Brilliant new images for an HIV testing campaign aim to encourage gay and bisexual South Asian men to test for the illness, and amplify diverse voices in queer spaces.
Me. Him. Us. is the groundbreaking HIV campaign from GMFA – the gay men’s health project – and it is returning to London and across the country this month.
The campaign’s predecessor was targeted for black gay and bisexual men, but this time the aim is to increase representation of South Asian men specifically.
The campaign was created by and stars a team of passionate South Asian gay and bisexual men who are looking to make positive and effective change in their communities.
They say there is a chronic lack of representation of South Asian gay and bisexual men in health campaigns.
Being South Asian and same-sex attracted can be a delicate balancing act,’ says Alexander Leon, one of the campaign’s project leads.
‘For me, the clash of trying to observe cultural norms while navigating an emerging queer identity was a deeply isolating experience.
‘It seemed impossible to stay true to my authentic self while maintaining a meaningful relationship with my loved ones whose culture or religion sometimes dictated intolerance.
‘What’s more, as I began to come into my own as a gay man, it became achingly evident that there was meagre representation of South Asian gay and bisexual men in LGBTQ+ social spaces and media.’
Alex says that the new campaign highlights an important inequality faced by gay and bisexual South Asian men, but that’s not all.
‘It’s an ingenious double whammy,’ he adds. ‘We educate our community while showcasing some of its less celebrated members.
‘Me. Him. Us. is important because it delivers a crucial message on HIV prevention to a demographic who sorely need to hear it.’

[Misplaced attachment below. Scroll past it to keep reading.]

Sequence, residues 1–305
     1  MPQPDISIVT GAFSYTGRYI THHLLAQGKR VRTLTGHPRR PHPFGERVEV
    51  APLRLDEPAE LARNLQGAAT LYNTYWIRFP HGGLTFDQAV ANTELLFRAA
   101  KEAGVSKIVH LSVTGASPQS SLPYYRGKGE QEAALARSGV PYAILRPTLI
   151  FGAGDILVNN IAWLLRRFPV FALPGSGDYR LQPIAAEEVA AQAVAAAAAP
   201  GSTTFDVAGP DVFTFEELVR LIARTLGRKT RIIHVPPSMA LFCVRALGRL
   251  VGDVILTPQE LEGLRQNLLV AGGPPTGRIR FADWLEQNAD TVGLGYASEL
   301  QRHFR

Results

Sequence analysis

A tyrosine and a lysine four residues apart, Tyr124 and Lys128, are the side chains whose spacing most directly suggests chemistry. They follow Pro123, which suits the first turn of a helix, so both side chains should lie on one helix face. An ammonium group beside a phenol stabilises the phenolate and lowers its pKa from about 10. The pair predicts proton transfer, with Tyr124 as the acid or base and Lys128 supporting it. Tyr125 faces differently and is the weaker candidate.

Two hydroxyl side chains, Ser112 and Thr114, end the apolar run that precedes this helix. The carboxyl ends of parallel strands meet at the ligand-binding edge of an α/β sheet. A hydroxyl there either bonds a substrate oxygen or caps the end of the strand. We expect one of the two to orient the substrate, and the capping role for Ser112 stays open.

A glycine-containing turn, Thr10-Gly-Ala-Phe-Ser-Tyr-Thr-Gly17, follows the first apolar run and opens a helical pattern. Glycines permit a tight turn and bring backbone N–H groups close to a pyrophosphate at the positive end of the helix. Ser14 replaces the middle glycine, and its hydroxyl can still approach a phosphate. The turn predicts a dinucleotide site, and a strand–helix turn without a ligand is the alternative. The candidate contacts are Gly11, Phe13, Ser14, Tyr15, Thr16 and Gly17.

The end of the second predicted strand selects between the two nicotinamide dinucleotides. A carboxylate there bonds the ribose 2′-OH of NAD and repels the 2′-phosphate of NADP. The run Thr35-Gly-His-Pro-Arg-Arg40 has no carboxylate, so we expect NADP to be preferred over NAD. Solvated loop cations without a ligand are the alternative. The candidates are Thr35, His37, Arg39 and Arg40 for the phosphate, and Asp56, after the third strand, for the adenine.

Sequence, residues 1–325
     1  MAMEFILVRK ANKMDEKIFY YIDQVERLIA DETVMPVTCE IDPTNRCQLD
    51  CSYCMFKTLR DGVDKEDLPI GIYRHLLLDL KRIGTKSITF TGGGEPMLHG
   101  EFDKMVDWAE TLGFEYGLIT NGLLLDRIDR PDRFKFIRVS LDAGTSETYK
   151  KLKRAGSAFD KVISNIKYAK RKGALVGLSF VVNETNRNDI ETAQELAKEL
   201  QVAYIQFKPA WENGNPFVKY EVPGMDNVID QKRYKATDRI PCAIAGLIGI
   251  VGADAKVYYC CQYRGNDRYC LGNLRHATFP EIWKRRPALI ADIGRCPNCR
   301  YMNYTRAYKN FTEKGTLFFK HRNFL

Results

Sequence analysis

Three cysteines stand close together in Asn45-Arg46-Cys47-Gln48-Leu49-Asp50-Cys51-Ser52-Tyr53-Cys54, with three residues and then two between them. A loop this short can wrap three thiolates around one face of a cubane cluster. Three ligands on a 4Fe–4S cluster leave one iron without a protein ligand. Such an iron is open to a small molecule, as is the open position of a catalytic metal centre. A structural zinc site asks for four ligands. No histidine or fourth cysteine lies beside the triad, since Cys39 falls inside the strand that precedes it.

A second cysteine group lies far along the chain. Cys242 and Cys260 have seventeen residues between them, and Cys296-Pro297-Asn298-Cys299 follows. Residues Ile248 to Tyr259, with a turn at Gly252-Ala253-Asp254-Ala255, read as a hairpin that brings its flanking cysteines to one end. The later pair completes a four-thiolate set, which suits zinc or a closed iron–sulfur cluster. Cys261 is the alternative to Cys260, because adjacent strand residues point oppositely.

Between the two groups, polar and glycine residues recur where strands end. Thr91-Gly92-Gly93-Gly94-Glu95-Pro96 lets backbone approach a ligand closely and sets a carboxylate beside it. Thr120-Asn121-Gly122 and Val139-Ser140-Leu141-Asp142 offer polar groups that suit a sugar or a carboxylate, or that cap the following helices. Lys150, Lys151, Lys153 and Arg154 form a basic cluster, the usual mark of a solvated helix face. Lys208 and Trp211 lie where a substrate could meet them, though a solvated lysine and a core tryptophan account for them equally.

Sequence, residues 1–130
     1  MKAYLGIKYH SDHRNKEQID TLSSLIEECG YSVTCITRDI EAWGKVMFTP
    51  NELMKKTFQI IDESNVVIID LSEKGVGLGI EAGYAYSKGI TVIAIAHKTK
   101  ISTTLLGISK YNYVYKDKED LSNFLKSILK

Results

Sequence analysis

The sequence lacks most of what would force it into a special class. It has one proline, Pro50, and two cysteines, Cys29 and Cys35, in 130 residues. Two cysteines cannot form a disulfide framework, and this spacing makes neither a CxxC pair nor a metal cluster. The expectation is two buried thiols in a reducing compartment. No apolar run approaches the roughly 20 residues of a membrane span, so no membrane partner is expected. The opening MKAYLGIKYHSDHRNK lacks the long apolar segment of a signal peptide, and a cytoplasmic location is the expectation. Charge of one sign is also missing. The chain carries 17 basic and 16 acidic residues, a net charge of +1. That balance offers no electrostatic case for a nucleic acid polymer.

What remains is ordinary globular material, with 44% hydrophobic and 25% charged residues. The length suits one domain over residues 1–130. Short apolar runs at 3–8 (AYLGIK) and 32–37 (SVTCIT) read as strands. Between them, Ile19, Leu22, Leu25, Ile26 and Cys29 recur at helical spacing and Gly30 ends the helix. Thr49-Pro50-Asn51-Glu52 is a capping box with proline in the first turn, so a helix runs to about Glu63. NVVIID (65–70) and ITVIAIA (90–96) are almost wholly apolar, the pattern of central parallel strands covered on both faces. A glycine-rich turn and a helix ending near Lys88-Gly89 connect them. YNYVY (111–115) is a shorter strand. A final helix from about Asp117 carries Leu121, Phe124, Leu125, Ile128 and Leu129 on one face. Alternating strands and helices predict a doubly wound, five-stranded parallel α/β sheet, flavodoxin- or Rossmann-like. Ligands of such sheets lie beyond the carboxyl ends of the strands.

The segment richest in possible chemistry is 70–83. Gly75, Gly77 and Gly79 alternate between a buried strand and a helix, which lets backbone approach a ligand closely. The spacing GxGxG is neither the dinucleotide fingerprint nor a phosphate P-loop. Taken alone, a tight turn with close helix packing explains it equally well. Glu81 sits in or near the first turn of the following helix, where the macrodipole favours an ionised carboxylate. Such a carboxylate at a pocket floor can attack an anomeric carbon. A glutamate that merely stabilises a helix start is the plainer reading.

He says that the choice to place campaign ads in LGBTQ+ social spaces around the country sends a clear message to any South Asian men feeling isolated by the combination of homophobia and racism: ‘You, your identity, your life and your choices are valid.’
Ian Howley, Chief Executive of LGBT HERO, the parent organisation of GMFA said: ‘It’s important that South Asian men have a platform to create personal and social change in our community.
‘For far too long, these men have been an afterthought, or used in a tokenistic way. This version of Me. Him. Us. puts South Asian gay and bisexual men front and centre of a national campaign. That’s really important.
‘Me. Him. Us. will continue to work with black, South Asian, and other minority groups within our community to create effective campaigns that highlight the inequalities these men face while increasing representation within our community and in the wider population.’
This campaign is so important because South Asian gay and bisexual men are more likely to be diagnosed with HIV, and at a later stage too.
It’s important that we increase the need for frequent testing for HIV and STIs for South Asian gay and bisexual men,’ adds Ian. ‘At LGBT HERO we recommend that all sexually active men, no matter their background, are tested for HIV at least every six months.’
Since the campaign was launched this week, Alexander has been blown away by the overwhelmingly positive reaction:
‘It’s been so heartening to see the reaction online to the campaign,’ Alexander tells Metro.co.uk.
‘Gay and bisexual South Asian men are so rarely represented in the media, whether LGBT-specific or mainstream, and I’m so honoured to be a part of a campaign which is pushing the envelope on diversifying representations of same sex love.
‘The message of the campaign is landing.
‘HIV testing and awareness is profoundly important to our community, and with campaigns like Me. Him. Us catering to specific sub-sections who are particularly at risk, the message is going to those who need to hear it the most.’
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